If you choose the question: “Why is this happening to me?” you feel as if you have no control which leads to a victim mindset with victim behavior. This can be very stressful. Turn from “Why do I have to go through all this change?” to “How can I adapt to the changing world?”

Miller continues with questions that start with ‘when’. These questions lead to procrastination - we’re really saying we have no choice but to wait and put off action until another time. Most people don’t intend to procrastinate, but they do. Better questions are: “What solution can I provide?”, “How can I more creatively reach the customer?” The answer is in the question just like procrastination is the friend of failure. A good piece of advice by Miller, even though nothing shockingly new: Take care of the little things while they are still little.

Creativity, says Miller, is not so much thinking outside the box, but succeeding within the box – reaching goals, making a difference, and doing the job well with what you already have. Focusing on what you don’t have is a waste of time and energy.

Asking the ‘who’ question is looking for scapegoats. Blame may be the most pervasive and counterproductive of all ‘mistakes’. Instead, ask yourself: “What can I do to move the project forward. What action can I take to ‘own’ the situation?”
An example from the world of sports: If you want to win you have to be good enough to beat the referee, so that you still win despite possible questionable calls during the sports match. You also have to beat yourself –overcoming the fears of any athlete, business man etc.

Miller states “Personal accountability changes the world, one choice at a time”, and I couldn’t agree more with him. It’s based partly on the notion that I can only change me. So basic a concept, so fundamental, so misunderstood, and so denied. It’s easier said than done: “Stop fixing others, turn to yourself” but how well do we act upon this?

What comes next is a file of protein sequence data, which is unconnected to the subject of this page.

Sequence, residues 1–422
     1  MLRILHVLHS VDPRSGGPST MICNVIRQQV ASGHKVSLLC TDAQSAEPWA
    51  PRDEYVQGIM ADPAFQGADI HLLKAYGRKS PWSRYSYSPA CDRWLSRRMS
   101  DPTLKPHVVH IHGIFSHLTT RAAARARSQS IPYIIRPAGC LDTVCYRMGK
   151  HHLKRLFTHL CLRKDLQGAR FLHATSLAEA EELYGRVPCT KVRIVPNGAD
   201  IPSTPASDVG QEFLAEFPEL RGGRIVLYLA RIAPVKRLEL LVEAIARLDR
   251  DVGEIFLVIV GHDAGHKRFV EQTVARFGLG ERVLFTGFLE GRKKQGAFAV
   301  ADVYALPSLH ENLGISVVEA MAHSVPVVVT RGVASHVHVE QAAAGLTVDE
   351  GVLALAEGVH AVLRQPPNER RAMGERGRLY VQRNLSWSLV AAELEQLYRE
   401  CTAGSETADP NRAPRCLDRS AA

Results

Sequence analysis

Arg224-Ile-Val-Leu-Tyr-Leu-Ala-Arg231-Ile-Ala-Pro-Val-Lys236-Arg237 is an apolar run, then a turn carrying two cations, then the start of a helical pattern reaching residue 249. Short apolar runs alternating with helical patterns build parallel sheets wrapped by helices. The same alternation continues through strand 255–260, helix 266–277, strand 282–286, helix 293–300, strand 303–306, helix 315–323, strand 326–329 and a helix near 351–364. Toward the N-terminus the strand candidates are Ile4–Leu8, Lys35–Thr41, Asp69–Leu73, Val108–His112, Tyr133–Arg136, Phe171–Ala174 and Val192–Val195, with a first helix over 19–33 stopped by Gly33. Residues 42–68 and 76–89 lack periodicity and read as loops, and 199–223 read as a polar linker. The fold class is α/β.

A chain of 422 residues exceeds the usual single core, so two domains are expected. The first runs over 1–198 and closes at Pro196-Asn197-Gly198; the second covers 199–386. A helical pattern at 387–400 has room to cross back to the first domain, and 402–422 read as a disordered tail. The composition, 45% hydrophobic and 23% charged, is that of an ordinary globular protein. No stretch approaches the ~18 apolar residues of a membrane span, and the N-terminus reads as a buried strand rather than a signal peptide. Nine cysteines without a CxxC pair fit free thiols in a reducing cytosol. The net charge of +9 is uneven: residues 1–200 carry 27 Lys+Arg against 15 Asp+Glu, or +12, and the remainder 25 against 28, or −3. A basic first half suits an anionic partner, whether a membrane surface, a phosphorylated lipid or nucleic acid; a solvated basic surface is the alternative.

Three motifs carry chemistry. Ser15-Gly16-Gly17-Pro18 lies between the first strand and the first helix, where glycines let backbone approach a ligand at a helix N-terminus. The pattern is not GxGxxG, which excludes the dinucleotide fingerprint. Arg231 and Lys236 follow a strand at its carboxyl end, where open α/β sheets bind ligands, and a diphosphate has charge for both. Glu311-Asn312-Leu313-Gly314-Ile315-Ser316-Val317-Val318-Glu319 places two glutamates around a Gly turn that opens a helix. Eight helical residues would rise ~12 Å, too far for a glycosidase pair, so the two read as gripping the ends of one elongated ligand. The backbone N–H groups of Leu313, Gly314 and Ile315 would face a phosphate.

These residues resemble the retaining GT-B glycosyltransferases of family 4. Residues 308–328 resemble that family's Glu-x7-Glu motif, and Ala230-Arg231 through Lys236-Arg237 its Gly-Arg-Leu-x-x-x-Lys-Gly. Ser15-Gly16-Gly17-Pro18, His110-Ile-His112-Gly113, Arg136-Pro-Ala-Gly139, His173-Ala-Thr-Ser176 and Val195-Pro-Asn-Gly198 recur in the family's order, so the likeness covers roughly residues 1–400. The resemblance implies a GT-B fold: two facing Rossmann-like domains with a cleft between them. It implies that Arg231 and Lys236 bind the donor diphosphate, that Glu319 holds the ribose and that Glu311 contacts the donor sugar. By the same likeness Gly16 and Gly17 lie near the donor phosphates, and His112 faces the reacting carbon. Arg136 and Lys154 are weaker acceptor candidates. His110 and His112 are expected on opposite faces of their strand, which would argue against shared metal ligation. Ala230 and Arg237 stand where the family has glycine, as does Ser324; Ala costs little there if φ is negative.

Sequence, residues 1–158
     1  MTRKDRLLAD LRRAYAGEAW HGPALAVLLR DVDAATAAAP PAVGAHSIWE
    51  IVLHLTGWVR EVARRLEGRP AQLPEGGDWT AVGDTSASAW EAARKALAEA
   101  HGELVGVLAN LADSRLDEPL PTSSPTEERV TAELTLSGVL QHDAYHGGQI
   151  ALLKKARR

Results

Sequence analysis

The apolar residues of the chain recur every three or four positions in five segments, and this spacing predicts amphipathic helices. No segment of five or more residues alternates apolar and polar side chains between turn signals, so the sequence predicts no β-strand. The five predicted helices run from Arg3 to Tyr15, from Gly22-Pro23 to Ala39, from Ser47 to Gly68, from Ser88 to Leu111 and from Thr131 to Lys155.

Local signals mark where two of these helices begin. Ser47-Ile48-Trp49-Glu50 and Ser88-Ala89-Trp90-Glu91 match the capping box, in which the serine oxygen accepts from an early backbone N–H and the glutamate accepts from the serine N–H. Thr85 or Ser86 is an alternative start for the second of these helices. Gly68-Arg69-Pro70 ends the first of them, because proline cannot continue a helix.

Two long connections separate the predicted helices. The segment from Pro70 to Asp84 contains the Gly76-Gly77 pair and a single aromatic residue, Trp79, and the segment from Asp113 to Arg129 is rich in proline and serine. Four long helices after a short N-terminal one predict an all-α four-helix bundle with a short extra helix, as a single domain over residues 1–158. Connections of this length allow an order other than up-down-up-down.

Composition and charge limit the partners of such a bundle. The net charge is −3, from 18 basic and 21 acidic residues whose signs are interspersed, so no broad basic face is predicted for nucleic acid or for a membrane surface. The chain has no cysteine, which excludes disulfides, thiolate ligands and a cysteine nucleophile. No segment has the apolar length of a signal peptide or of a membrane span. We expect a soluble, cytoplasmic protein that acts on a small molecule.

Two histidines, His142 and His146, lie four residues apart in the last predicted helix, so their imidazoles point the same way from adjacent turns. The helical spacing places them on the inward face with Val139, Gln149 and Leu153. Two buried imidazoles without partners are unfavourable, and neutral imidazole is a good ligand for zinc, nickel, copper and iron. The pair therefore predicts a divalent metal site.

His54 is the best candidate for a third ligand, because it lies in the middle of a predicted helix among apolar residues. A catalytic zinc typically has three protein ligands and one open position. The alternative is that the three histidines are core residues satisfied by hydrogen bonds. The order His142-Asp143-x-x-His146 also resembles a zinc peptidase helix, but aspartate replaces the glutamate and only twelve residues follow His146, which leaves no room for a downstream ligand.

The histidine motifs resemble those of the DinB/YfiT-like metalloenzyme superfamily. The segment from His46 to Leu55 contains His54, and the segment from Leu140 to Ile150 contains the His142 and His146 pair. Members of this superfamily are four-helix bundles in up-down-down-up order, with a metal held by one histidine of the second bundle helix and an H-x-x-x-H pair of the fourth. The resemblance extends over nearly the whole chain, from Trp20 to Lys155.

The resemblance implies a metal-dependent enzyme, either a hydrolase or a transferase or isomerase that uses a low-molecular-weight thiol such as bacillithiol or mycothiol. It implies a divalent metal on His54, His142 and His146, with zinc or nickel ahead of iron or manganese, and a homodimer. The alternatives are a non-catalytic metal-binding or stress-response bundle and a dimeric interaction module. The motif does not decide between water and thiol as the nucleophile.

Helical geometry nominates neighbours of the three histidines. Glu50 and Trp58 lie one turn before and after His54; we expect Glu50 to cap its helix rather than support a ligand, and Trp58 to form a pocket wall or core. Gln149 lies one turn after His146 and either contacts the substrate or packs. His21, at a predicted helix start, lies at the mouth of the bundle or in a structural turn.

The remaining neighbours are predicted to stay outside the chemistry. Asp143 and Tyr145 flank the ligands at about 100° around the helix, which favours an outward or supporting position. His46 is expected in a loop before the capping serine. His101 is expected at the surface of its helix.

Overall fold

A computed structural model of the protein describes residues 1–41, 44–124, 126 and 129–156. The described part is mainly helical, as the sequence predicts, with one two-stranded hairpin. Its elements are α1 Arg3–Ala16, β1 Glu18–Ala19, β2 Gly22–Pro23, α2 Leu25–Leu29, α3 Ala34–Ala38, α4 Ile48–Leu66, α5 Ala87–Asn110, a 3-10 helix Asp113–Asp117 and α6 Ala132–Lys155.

Miller defines integrity as being what I say I am by acting in accordance with my words.
QBQ thinking leads to integrity because integrity begins with me, not others, asking the question: How can I practice the principles I espouse? Instead of asking when others will walk their talk, I’ll focus on walking my talk. Busy enough it seems.

There are four risks of doing nothing according to Miller:

1.    Action, even when it leads to mistakes, brings learning and growth. Inaction brings stagnation and atrophy.
2.    Action leads us toward solutions. Inaction at best does nothing and holds us in the past.
3.    Action requires courage. Inaction often indicates fear.
4.    Action builds confidence, inaction builds doubt and insecurity.
It’s better to be told to wait than to wait to be told.

Miller finishes with the notion that leadership, more than anything else, is about the way you think. It’s a moment-to-moment disciplining of your thoughts. It’s about practicing personal accountability and choosing to make a positive contribution, whether in a leadership position or not. Next to personal accountability Miller nominates humility as the cornerstone of leadership.

Miller stresses one more point: Learning is not the same as reading books, attending classes, listening to great speakers nor is it gaining knowledge. Learning is about translating knowing what to do into doing what we know. It’s about changing.  If you have not changed today, you have not learned today. Wisdom is what we learn after we know it all. No one is ever a finished product.

Be inspired by your journey into your line of thinking and questioning – your journey into learning and changing.